All the ways that iced coffee is a plague on your body and the earth

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All the ways that iced coffee is a plague on your body and the earth

Drinks

All the ways that iced coffee is a plague on your body and the earth

For millions of Americans, iced coffee is a refreshing savior, single handedly rescuing mornings – no, entire lives – from the sweltering summer months. And while purists may say tossing ice cubes into coffee is an abomination, many of us live in climates where we don’t even want to look at a hot cup of joe, let alone drink one, for at least four months out of the year. But below the inky surface of every chilled cup of java lies a surprising list of ecological threats and health hazards that eclipse any problems that hot coffee inadvertently causes. Is iced coffee season actually bad for our bodies, and the earth itself?

Sugar

Caffeine is bitter. Chilled caffeine is doubly so. And then there’s the fact that sugar dissolves at a snail’s pace in cold beverages, in turn encouraging drinkers to add more and more until the sweet taste is able to break through. Perhaps that’s why the average iced coffee contains higher levels of sugar than a hot mug. Housemade simple syrups, or even bottled options made from agave or coconut, may do the trick of sweetening your drink, but sugar content can vary wildly from bottle to bottle, making it difficult to pinpoint whether or not you’re blowing through your daily recommended serving of sugar before you even make it into work.

Cups

Iced coffee to-go requires the usage of plastic cups to stave off the paper-dissolving power of condensation as the cold liquid within comes into contact with the hot air surrounding the cup. Plastic not only costs more than paper, making the iced vessels more expensive, but the actual production of plastic is far more invasive and destructive to the earth. Total plastic waste in the earth’s oceans is projected to outweigh the global fish population by 2050, if left unchecked. Which brings us to…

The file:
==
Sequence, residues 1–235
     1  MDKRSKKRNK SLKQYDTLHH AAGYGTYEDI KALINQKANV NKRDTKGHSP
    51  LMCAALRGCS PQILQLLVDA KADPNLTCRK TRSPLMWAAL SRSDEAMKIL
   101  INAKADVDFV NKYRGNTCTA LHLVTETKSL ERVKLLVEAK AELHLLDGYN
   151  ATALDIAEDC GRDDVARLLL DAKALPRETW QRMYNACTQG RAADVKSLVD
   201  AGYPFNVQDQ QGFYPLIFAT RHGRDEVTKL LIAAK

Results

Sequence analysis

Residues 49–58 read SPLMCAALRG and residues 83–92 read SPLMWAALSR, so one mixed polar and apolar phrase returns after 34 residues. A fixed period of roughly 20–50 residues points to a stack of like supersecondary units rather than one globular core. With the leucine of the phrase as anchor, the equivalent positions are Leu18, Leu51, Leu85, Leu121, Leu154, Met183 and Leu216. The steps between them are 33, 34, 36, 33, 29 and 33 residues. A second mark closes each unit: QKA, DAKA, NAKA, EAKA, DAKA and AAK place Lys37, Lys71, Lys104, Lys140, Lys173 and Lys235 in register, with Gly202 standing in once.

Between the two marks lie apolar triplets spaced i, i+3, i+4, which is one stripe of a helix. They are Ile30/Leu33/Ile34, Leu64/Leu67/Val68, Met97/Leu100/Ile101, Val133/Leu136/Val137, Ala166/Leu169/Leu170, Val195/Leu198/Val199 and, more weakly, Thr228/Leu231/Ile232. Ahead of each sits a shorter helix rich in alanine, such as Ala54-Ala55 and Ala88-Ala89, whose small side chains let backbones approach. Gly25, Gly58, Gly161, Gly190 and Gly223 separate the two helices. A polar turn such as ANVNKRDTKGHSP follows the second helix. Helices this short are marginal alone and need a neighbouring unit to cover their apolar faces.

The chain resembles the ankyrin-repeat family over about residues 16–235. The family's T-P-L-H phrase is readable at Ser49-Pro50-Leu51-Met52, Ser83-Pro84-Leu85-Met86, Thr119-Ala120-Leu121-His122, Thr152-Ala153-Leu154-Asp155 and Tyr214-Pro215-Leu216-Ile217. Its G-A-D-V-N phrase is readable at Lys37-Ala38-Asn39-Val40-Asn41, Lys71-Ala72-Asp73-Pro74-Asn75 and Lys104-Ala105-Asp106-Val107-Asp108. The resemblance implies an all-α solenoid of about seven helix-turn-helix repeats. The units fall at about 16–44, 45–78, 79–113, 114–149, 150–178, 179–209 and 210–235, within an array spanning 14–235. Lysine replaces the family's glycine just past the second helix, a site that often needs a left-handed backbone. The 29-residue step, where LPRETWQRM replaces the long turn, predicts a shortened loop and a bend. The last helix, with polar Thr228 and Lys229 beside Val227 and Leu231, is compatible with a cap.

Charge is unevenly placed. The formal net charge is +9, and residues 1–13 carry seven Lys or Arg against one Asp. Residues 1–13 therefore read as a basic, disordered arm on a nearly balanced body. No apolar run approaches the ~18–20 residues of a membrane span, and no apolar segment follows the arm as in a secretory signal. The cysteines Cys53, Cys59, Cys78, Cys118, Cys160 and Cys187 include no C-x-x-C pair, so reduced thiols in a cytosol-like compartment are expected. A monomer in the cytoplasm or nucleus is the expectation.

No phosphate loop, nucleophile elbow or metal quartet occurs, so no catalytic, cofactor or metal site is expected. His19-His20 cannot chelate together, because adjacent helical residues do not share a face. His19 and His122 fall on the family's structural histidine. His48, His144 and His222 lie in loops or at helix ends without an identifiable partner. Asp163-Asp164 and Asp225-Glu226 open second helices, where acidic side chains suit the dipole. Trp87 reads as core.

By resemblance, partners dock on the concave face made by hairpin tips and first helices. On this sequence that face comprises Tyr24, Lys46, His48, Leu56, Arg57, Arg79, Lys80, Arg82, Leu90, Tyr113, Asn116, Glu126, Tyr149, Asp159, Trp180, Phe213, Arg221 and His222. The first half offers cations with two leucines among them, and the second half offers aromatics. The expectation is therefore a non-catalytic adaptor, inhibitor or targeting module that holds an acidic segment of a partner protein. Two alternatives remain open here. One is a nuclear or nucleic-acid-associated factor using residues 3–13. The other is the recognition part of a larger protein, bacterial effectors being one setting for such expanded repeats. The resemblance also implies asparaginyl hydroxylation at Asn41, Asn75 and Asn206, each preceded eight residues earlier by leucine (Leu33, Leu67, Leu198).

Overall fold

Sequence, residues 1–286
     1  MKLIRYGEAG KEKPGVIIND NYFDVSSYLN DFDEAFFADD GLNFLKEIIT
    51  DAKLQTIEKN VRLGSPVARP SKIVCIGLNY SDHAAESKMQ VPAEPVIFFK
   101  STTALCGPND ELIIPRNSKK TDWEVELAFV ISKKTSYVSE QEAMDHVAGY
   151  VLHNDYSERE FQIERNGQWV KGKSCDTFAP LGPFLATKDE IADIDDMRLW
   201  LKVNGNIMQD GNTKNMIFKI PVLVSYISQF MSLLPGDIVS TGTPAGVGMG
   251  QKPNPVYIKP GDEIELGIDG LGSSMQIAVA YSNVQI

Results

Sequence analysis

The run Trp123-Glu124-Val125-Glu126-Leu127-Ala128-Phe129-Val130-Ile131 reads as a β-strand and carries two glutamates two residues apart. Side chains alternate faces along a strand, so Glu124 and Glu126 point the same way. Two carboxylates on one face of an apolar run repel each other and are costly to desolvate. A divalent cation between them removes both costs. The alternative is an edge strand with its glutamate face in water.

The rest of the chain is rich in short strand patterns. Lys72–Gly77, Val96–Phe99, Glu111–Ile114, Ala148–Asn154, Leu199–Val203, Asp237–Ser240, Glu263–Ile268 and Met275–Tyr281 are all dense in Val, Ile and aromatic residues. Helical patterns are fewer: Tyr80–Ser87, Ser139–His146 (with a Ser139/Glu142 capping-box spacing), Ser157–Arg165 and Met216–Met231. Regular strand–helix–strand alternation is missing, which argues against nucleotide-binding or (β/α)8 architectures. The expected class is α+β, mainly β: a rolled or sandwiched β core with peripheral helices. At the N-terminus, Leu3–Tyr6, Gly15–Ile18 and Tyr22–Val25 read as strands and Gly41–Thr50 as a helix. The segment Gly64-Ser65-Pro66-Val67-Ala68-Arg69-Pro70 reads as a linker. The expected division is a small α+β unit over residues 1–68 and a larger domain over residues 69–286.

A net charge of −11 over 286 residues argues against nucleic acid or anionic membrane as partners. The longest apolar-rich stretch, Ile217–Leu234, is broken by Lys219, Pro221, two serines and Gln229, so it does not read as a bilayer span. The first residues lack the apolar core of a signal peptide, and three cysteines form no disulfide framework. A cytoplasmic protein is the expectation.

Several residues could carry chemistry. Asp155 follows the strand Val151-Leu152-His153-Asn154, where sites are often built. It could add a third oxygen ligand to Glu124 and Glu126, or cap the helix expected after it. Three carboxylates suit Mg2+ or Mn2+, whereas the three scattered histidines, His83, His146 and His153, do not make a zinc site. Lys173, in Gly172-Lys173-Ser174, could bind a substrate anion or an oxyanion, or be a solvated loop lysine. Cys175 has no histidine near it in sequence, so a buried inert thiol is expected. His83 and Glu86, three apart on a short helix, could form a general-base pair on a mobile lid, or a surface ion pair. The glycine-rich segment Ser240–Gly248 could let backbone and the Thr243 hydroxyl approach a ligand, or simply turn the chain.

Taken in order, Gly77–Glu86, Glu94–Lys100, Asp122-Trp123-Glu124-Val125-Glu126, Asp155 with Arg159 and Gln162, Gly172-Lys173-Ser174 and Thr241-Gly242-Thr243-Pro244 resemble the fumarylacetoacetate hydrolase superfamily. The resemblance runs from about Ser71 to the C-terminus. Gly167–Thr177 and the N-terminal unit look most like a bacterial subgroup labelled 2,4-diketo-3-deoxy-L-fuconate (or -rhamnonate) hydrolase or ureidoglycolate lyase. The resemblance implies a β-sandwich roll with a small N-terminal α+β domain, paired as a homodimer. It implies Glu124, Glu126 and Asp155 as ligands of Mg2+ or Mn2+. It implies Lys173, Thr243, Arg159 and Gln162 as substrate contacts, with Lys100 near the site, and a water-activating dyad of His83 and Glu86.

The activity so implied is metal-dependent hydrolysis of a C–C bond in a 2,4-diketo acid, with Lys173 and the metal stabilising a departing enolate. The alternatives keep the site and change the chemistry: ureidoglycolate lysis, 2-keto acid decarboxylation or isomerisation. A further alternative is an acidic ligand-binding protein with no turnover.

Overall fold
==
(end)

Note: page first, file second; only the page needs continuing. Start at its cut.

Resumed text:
Straws

A growing number of municipalities and cities across the world are putting plastic bans into effect, in various forms. Single use bags and disposable cutlery are near the top of the list, but the item being singled out as the chief offender is without a doubt the plastic straw. Seattle and Malibu will both have enacted plastic straw bans before this summer ends, with plenty of other coastal cities following suit in the coming years. The European Union is even debating a continent-wide straw ban for all member nations.

That’s because plastic straws are a pox on both the environment, where they eventually escape to oceans by the millions, and on sustainability programs when they are successfully captured by waste collection programs. In a single month of voluntary straw removal from businesses in Seattle in 2017, an estimated 2.3 Million plastic straws were saved from landfills, lakes, and the Puget Sound. Iced coffee, along with bar drinks and fast food soft drinks, are the primary sources of all this plastic straw waste.

Ice

Those with weak stomachs might want to excuse yourself from this one. That’s because the enormous commercial ice machines used in restaurants, bars and yes, coffee shops, are among the most frequent violation points during health inspections. Ice machines, with their constant flow of water in kitchens that can easily hit temperatures in the 90s, are breeding grounds for bacteria and mold. Plus, rats, cockroaches and other pests that may use ice machines as a watering hole after hours may also leave behind fecal matter. And if you’re not the one making the ice for your coffee, you really never know what may be in the ice.

The iced paradox

If cooling down on a hot summer morning is the goal you seek to achieve by slurping down an iced coffee, I’ve got some bad news for you. It turns out that hot coffee is actually better at lowering body temperature on a hot day than a cold coffee could ever hope to be. It sounds counterproductive, but there’s no refuting the science. Anthony Bain, a PhD candidate at the Centre for Heart, Lung, and Vascular Health at the University of British Columbia, explains the phenomenon to The Cut:

“When we take in a hot drink, it appears that the thermosensors located in the stomach become overactive, and send strong signals to our hypothalamus that we are hot. In turn, the hypothalamus reacts by initiating an over-compensatory sweating response. So, when this sweat evaporates from our skin, the heat energy we lose due to evaporation exceeds the heat energy gained by drinking the hot drink. In other words, it is because our body overacted to the hot drink that we end up cooler in the end.”

So there you have it. The next time you need a pick me up while you’re feeling the heat, reach for a hot coffee to cool you down.

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